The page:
Dear Pet Parents,
All the pets I know have a special relationship with their human(s), like I am fortunate to have with John and Jo-Ann McDonald. We are best friends. You, our humans, are extraordinarily compassionate and caring to us, your beloved pet. Often, there are no lengths to which you will not go to ensure we are safe, content, and well-fed.
But what happens when you die? Or, you become incapacitated due to an illness or injury and are no longer able to care for us personally? While these are questions no one likes to think about, answering them is essential for your pet(s), for you, and for the loved ones who would need to care for your pet on your behalf.
Essential Estate Planning Tools for Protecting Your Pets
When it comes to providing for your pet in your estate plans, there are two separate issues to consider. The first is your pet’s care in the event of your incapacity. The second is your pet’s ownership and care in the event of your death.
Pet Power of Attorney
A power of attorney for pet care allows you to appoint someone to care for your pet should you become unable to do so during life. There are various ways that a person can become incapacitated at all stages of life. For example, being involved in a severe car accident, suffering a traumatic injury on the job, and suddenly falling ill are all risks worth considering when it comes to making sure your pet’s needs will always be met.
A power of attorney for pet care is (or can be) temporary. If you recover from your injury or illness and regain capacity, then you will be able to resume providing care for your pet. However, while you are unable to provide care, the person you name in your power of attorney will have the legal authority to ensure your pet continues to live a comfortable and fulfilling life.
Setting up a Pet Power of Attorney is simple. Just like a Power of Attorney for your financial protection, a Pet Power of Attorney allows you (known as the grantor or principal) to choose a person (known as the agent) you trust to act on your behalf to make decisions for the care of your pet. The person you appoint is required to follow the directives and instructions you list in the document and, based on the limitations you set, can make financial decisions such as authorizing medical treatment for your pet on your behalf.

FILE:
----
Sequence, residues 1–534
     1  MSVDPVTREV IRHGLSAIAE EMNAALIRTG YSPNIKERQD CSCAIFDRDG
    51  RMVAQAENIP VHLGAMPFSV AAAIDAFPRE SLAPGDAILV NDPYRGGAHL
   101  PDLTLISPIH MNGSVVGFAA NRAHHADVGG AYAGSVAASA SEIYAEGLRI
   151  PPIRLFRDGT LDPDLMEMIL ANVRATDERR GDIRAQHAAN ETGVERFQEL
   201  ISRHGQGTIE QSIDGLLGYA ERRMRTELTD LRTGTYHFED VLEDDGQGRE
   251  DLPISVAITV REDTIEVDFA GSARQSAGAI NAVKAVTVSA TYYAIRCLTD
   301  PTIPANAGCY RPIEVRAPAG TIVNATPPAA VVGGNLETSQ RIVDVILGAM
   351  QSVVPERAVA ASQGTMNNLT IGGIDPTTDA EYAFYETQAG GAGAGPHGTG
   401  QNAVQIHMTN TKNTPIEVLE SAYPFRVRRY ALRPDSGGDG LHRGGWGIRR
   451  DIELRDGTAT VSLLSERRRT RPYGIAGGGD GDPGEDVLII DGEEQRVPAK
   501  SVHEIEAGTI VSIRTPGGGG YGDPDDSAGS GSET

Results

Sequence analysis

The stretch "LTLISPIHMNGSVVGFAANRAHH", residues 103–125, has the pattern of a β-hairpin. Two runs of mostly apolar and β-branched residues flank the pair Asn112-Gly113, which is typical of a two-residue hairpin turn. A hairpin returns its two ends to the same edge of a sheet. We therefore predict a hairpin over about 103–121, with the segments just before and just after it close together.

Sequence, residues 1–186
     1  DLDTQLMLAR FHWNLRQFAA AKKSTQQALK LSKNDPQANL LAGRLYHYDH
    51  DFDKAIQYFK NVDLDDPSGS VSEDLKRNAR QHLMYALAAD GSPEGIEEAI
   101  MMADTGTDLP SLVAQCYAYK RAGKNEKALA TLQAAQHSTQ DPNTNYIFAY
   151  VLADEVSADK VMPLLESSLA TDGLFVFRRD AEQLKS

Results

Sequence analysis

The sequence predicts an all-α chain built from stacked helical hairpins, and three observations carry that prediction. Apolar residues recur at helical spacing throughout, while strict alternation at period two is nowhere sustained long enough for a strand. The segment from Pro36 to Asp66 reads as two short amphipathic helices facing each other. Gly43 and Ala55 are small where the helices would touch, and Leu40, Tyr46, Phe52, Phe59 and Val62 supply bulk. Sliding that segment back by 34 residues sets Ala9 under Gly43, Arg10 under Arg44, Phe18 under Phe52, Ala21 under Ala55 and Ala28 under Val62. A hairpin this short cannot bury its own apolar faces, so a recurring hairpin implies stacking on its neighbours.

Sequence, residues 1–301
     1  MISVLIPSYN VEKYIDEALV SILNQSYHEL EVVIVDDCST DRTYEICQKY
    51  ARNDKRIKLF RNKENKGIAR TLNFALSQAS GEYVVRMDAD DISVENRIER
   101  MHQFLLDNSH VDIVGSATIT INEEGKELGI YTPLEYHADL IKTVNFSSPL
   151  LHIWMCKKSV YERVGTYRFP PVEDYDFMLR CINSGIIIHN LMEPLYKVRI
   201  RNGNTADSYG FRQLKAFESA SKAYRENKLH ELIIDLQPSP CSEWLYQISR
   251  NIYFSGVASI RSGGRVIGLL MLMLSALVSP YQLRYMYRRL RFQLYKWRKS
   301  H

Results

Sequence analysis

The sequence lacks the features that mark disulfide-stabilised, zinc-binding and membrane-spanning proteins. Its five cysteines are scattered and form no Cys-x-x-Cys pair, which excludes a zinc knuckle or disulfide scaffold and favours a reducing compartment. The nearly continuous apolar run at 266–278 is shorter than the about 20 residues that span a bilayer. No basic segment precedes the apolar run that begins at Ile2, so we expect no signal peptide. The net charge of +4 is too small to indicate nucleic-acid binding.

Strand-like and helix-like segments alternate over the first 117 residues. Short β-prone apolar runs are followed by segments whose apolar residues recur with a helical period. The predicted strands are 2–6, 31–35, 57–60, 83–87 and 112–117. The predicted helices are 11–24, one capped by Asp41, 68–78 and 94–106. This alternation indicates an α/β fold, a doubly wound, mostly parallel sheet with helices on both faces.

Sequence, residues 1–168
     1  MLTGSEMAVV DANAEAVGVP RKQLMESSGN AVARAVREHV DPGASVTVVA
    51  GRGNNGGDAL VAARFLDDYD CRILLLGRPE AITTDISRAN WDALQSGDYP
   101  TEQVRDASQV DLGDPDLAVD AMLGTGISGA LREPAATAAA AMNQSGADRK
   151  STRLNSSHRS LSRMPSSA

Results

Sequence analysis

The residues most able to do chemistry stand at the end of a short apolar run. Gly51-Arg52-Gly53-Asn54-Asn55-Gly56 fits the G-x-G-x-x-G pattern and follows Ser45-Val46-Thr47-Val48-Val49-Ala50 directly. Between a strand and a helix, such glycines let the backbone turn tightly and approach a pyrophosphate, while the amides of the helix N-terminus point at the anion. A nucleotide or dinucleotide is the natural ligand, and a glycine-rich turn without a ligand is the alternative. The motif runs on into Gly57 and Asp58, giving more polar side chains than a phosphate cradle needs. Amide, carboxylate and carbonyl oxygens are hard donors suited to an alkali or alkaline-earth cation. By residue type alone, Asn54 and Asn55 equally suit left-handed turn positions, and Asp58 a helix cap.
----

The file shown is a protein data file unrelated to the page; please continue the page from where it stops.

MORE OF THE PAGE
While it is possible to bequeath your pet to a loved one in your will, this approach is generally inadvisable for a variety of different reasons. Instead, it is recommended to create a pet trust.
Creating a pet trust allows you to choose who will care for your pet after death. It also helps you to establish guidelines for your pet’s care, such as access to specific foods, activities, and other things he or she enjoyed during your lifetime. With a pet trust, you can set aside funds specifically for meeting your pet’s needs, and you can give a gift to your chosen caretaker so that he or she can purchase the provisions necessary to move your pet into his or her home comfortably.
Creating a pet power of attorney and/or a pet trust might feel like a tedious task, but it is worth it. Having the peace of mind that comes with knowing your beloved best friend is taken care of is priceless. Please have a discussion with your attorney about which option works best for you and your best friend.
As you consider the other elements of your estate plan, my friends at the IEEE Foundation welcome the opportunity to start a conversation about the role IEEE has played in your life and help you unlock your IEEE legacy.
For more information and to talk to someone from the IEEE Foundation, please fill out our Planned Giving Interest Form.
The information in this article is for educational purposes only and is not intended as legal, tax, or investment advice. We recommend you consult with your own legal and financial advisors to determine the best options for you. The information in this article is adapted from information provided by the ASPCA and is for educational purposes only. Also, consult with your human for extra scratches.